In August, 2013, The New York Times reported that “The Department of Agriculture on Friday approved four Chinese poultry processors to begin shipping a limited amount of meat to the United States…the companies (were permitted) to export only cooked poultry products from birds raised in the United States and Canada. But critics predicted that the government would eventually expand the rules, so that chickens and turkeys bred in China could end up in the American market.” Prophetic words.
Back in August, The New York Times reported that China didn’t exactly have the best track record going when it came to food safety. China has been … um … unhurried in reporting, for example, deadly outbreaks of avian flu. Even The Times had reservations about allowing such lackadaisical importers into American markets, even for simply processing chickens raised in North America: “In recent years, imports have been the source of contamination, prompting broader worries about food safety.” Such fears were well-founded. Because the chickens were raised in America, then were to be cooked and processed at four plants in China, no labeling was required to identify the country-of-origin for poultry reentering the United States. Chinese processed chicken could be found anywhere from chicken soup to fast-food nuggets.
Why was the export and re-importation of chicken happening in the first place? According to The Times: “…the U.S.D.A. moved to allow imports of chicken from China, which has banned imports of American beef since 2003 over worries about mad cow disease.” As if cooking and processing chicken intended for America wasn’t bad enough, now, the USDA is upping the ante.
On Sunday, CBS News reported that the USDA is “a step closer” to importing raw chicken, raised and processed in China, to America. It even has the likes of liberal Senator Chuck Schumer (D-NY), up in arms: “China has a terrible record on health, safety, and chickens are one of the things that need the most care and inspections’ … Schumer called the plan a huge change in policy, and a big mistake. ‘China has been a massive source of food poisoning here in America for years,’ he said.”
Even a broken clock is correct, twice a day.
Aside from giving China importation rights that would negatively impact American farmers and jobs, why would the USDA do such a thing? The answer is “Because it can.” Typical of the Gordian Knot that is the United States government, the USDA is, for all intents and purposes, independent. It answers to no one. And it is bloated; gargantuan, encompassing, among many other departments listed on the USDA website:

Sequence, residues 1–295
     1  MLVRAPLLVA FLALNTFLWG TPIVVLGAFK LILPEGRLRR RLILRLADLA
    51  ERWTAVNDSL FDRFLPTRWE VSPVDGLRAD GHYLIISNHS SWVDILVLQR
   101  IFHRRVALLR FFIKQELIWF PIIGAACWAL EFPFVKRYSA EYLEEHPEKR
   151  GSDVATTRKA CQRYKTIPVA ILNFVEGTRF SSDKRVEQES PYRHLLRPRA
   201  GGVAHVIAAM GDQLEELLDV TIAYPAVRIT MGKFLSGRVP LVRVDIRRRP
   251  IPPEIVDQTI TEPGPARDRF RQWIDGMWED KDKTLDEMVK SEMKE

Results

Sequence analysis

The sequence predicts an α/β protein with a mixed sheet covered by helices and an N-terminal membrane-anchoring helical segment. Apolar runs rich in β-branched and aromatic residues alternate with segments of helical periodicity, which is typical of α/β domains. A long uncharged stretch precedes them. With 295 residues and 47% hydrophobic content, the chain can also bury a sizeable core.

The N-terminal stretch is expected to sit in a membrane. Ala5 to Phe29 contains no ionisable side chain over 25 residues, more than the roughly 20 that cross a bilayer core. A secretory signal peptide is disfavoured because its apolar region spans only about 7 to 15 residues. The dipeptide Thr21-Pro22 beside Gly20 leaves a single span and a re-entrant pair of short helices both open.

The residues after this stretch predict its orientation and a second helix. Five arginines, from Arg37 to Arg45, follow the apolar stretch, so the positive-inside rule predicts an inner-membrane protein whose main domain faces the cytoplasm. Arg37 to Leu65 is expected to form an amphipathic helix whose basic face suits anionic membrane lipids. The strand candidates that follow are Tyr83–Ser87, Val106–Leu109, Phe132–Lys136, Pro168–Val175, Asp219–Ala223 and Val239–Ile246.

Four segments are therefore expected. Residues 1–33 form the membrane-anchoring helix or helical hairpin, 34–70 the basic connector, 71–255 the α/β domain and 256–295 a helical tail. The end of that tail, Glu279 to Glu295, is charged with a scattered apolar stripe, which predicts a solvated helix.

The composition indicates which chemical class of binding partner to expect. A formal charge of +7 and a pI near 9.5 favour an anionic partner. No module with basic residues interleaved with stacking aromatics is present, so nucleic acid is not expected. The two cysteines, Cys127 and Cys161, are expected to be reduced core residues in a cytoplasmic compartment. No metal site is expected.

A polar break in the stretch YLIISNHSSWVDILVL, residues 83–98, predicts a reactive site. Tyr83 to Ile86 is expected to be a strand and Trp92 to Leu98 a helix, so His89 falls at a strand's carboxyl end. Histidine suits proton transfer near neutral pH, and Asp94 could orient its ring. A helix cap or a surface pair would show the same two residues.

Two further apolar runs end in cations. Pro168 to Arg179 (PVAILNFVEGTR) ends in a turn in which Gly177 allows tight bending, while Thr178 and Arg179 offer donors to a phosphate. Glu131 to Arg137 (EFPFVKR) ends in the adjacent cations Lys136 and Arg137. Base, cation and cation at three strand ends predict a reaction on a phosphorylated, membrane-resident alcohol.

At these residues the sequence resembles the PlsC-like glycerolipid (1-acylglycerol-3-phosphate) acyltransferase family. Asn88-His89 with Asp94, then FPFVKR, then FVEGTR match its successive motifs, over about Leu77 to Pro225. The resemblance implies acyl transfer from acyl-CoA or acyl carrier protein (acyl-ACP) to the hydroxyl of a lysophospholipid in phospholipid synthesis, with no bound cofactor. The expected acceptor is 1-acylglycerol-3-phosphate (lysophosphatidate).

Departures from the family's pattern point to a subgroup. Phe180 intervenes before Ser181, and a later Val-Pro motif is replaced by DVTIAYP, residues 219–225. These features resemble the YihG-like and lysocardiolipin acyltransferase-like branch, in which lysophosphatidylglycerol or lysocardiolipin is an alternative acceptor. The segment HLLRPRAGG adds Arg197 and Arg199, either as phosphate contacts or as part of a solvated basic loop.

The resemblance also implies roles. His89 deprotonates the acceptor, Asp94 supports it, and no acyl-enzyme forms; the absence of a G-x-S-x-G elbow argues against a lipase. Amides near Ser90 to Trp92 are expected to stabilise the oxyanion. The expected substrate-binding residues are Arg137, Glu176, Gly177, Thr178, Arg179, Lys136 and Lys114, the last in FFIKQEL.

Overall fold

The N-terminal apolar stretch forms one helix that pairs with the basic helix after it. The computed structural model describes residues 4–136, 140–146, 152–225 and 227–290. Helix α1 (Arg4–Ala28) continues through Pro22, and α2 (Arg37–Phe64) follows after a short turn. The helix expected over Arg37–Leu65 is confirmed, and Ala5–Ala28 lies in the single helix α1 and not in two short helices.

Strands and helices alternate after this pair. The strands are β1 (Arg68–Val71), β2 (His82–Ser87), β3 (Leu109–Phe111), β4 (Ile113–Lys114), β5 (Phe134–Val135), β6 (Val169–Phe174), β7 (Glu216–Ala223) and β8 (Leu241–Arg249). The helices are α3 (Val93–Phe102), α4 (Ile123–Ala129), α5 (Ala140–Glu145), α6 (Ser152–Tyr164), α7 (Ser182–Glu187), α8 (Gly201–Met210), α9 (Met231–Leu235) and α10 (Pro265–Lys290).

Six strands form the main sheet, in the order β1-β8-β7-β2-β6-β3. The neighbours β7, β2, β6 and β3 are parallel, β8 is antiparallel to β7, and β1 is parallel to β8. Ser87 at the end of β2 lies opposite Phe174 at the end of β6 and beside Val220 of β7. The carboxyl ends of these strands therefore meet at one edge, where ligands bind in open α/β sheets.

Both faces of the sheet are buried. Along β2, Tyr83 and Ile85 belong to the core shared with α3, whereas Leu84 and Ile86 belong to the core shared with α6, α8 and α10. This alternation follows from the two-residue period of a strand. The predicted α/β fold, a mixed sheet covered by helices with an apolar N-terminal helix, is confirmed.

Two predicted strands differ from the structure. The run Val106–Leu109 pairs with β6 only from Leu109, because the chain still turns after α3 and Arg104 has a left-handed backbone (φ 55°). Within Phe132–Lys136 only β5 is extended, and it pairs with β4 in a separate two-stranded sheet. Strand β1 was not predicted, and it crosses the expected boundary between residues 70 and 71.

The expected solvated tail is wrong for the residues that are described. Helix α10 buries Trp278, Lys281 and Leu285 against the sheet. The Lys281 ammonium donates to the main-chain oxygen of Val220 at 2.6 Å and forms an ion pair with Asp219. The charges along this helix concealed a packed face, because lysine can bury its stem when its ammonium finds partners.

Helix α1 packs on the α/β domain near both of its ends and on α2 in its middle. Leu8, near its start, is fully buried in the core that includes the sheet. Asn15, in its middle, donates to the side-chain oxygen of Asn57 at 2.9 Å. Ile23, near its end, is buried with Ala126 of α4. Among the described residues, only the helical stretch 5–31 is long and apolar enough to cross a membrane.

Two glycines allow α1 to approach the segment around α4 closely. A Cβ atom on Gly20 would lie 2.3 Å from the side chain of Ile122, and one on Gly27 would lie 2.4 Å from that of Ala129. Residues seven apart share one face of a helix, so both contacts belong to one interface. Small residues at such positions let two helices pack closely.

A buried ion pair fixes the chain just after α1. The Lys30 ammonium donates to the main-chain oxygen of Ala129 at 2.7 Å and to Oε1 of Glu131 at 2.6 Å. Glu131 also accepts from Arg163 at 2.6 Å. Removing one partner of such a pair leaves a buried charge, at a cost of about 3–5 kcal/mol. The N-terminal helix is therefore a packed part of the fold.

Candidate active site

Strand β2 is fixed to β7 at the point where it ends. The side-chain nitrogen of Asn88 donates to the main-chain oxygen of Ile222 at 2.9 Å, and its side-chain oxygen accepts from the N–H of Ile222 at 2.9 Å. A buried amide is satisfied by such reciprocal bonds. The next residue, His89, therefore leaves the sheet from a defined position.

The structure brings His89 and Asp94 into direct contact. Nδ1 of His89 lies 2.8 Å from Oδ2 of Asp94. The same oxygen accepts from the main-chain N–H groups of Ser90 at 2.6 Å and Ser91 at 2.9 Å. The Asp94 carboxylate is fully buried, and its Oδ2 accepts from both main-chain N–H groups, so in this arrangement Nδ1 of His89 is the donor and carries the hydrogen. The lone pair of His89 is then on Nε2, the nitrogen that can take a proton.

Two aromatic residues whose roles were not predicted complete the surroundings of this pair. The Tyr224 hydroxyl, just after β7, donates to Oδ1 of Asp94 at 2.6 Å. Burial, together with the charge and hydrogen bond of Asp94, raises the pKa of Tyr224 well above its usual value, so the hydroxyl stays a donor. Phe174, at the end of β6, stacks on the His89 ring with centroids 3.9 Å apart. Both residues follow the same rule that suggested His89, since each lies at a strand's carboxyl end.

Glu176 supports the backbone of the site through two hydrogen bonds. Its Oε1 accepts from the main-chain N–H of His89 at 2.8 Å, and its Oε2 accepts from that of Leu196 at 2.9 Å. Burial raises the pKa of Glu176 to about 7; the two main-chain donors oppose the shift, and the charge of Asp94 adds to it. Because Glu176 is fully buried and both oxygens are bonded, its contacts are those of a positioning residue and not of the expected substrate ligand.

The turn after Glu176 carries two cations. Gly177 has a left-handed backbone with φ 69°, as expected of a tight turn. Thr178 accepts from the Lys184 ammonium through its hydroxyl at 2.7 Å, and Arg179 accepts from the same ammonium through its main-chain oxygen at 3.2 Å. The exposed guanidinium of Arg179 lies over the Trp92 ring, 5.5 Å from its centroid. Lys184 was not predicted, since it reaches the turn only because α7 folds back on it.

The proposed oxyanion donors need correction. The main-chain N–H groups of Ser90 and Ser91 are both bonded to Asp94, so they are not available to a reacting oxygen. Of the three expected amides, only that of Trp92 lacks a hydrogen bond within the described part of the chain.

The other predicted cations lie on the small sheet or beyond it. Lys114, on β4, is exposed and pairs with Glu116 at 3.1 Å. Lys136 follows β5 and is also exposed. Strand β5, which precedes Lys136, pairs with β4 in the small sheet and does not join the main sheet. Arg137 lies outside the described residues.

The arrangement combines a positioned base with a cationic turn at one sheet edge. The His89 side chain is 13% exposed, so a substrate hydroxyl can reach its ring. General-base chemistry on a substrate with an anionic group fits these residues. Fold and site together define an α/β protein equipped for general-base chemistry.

— Agricultural Marketing Service
— Agricultural Research Service
— Animal and Plant Health Inspection Service
— Center for Nutrition Policy and Promotion
— Economic Research Service
— Farm Service Agency
— Food and Nutrition Service
— Food Safety and Inspection Service
— Foreign Agricultural Service
— Forest Service
That is only the first ten departments. The site lists seven more plus 17 additional departmental “offices.”
Congress can, technically, override USDA actions but the last time that happened was … well … never. Congress has proven itself less than willing to naysay any other governmental entity. It would be surprising if this impending decision was handled any differently. Schumer said a USDA report to Congress indicated aspects of the Chinese slaughter system to be equivalent to that of the U.S. In a hasty attempt to walk back their assessment, the USDA said it is “legally obligated to review requests from countries waiting to export, but it has not finalized its audit of China.” Hold that sigh of relief. “Not yet” is the operative phrase.
In a statement to Congress, the USDA said:“(The USDA has) not found China’s poultry slaughter system to be equivalent (to the U.S.) and therefore poultry slaughtered in China is not allowed to be imported to the United States … The U.S. food supply is among the safest in the world, the Food Safety and Inspection Service is dedicated to maintaining that status.” Seriously? Whose status are they dedicated to?
Perhaps the USDA requires a cautionary tale. One doesn’t have to think too far back to remember the pet treats that were in supermarkets, everywhere. The treats were chicken-based and were found to be responsible for the deaths of over 2,500 dogs and cats. They were, coincidentally, imported from China. That is food for thought.